Are Player-Characters Blank Slates in DA:O?

In her article, “Game Characters as Narrative Devices. A Comparative Analysis of Dragon Age: Origins and Mass Effect,” Kristine Jørgensen examines the way that Dragon Age: Origins uses supporting characters to drive its plot. Namely, she claims the game leaves the player-character “relatively open for the player’s interpretation, only leaving certain clues that point in…

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In her article, “Game Characters as Narrative Devices. A Comparative Analysis of Dragon Age: Origins and Mass Effect,” Kristine Jørgensen examines the way that Dragon Age: Origins uses supporting characters to drive its plot. Namely, she claims the game leaves the player-character “relatively open for the player’s interpretation, only leaving certain clues that point in the direction of a fictional individual.” In other words, the player-character gets influenced by the situations affecting supporting characters, but how characters react to these scenarios though gets left entirely up to who the player thinks the player-character ought to be.

I agree with Jørgensen that within the game “depth is hinted at in dialogue options, as each option reflects a different attitude and emotion, but it is up to the player to fill in motivations behind the choices that the PC is making.” The dialogue options give the players the ability to react to in-game events. They can threaten people they disagree with and get into fights, handle a situation rationally and peacefully, or try and bargain and make a profit. These choices then reflect back on the player’s perception of the player-character’s personality.

The dialogue options include being polite or threatening. The player's choice of dialogue then

The dialogue options include being polite or threatening. The player’s choice of dialogue then “forms” the player-character’s personality.

I disagree though that the player-character “is more of a blank canvas that the players can add a greater variety of personalities onto.” For example, depending on the race (human, elf, dwarf) and class (warrior, mage, rogue) the player chooses, they may have limited options of origin story. If the player wishes to play a mage they get locked into the single mage route, a human non-mage also gets locked into a route. Only non-mage elves and dwarves have choices, and then they only get to pick between two options. These origins can shape the narrative and personality of a character. For example, in the human route, the player-character loses their entire family, while in one of the elf origins, a journey through the forest goes terribly wrong. Additionally, at times in the game, certain characters with the player-character as if they know them, even if the player has had no previous exposure to them. In the human origin, when first meeting the king he speaks with you as if he knows your family and you know him, despite the player having little information on the character. While it makes sense for the player-character’s backstory, as a member of the noble family, to know of the king, the player won’t have the information, making the scene strange. The player themselves doesn’t know the character, but is expected to based on the player-character’s origin. This makes the character less of a blank slate, and more of a structure already built but waiting to be finished. It gives the player freedom to flesh out the player-character, but only via a world that has already been constructed.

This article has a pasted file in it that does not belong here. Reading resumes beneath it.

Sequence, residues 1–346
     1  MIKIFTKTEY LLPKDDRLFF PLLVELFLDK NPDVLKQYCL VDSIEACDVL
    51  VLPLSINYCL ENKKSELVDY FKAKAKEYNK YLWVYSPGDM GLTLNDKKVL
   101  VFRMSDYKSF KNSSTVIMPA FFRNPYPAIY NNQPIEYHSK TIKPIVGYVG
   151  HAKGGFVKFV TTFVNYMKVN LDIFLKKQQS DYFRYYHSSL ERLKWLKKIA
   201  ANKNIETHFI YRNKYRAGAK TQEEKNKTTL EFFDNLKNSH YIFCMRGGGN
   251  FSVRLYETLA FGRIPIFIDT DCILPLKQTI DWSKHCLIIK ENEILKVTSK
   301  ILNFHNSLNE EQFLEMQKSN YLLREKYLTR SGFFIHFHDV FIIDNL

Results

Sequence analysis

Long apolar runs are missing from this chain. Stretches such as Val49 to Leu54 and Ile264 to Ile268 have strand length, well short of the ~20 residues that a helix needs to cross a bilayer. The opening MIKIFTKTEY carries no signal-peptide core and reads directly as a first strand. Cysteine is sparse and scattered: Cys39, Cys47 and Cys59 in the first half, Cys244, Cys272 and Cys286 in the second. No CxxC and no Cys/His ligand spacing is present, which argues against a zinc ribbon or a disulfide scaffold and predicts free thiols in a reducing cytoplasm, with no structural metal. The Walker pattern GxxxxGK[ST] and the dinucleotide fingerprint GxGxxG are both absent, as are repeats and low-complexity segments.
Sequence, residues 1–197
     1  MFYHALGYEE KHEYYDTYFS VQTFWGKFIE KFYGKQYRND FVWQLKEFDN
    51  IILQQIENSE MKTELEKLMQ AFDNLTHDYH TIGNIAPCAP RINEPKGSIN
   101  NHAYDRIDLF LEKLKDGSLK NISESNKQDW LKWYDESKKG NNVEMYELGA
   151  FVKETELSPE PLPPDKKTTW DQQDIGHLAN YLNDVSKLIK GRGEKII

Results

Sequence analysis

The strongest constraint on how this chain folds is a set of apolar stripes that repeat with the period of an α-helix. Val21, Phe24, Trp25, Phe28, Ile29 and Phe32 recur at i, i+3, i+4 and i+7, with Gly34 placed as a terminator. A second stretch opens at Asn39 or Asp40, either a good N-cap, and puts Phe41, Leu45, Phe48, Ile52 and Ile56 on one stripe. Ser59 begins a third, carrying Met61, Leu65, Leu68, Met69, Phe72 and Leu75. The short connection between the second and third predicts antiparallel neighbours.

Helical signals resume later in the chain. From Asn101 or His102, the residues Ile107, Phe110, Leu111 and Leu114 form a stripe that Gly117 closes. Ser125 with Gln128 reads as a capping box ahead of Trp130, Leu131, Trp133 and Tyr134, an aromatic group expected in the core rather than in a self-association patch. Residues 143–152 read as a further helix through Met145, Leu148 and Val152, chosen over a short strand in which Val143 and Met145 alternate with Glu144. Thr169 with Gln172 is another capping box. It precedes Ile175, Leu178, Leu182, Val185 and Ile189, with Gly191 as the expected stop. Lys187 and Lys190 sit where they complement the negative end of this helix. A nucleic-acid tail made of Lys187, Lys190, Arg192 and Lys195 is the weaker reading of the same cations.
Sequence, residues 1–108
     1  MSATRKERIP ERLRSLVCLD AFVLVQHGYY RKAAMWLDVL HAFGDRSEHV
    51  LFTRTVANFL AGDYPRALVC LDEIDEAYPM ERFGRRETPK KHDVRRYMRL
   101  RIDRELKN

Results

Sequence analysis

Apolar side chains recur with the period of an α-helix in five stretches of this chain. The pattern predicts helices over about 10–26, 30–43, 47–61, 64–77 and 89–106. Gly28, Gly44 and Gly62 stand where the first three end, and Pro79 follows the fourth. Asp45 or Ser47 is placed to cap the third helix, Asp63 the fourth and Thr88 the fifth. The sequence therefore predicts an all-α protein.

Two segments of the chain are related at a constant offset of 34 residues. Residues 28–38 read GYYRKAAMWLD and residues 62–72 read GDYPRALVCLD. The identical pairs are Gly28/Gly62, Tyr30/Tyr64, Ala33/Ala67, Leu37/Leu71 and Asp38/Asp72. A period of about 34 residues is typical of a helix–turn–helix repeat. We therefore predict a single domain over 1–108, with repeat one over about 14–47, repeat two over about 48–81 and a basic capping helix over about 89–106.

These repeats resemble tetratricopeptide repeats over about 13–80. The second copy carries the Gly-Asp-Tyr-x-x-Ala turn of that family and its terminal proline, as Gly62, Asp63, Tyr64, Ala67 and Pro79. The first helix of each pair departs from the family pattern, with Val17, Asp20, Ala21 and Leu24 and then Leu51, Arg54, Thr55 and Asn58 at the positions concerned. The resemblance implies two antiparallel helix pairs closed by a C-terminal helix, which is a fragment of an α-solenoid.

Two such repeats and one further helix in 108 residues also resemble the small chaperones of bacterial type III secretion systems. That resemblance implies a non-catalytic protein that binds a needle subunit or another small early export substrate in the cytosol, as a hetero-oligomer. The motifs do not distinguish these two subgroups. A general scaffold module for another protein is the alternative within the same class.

Character origins gets determined by these choices, which then impacts what happens to the player-character, and therefore shapes their personality.

Character origins gets determined by these choices, which then impacts what happens to the player-character, and therefore shapes their personality.

 

Sources:
JøRGENSEN, K.. Game Characters as Narrative Devices. A Comparative Analysis of Dragon Age: Origins and Mass Effect 2. Eludamos. Journal for Computer Game Culture, North America, 4, nov. 2010. Available at: http://www.eludamos.org/index.php/eludamos/article/view/vol4no2-13/192. Date accessed: 03 Oct. 2016.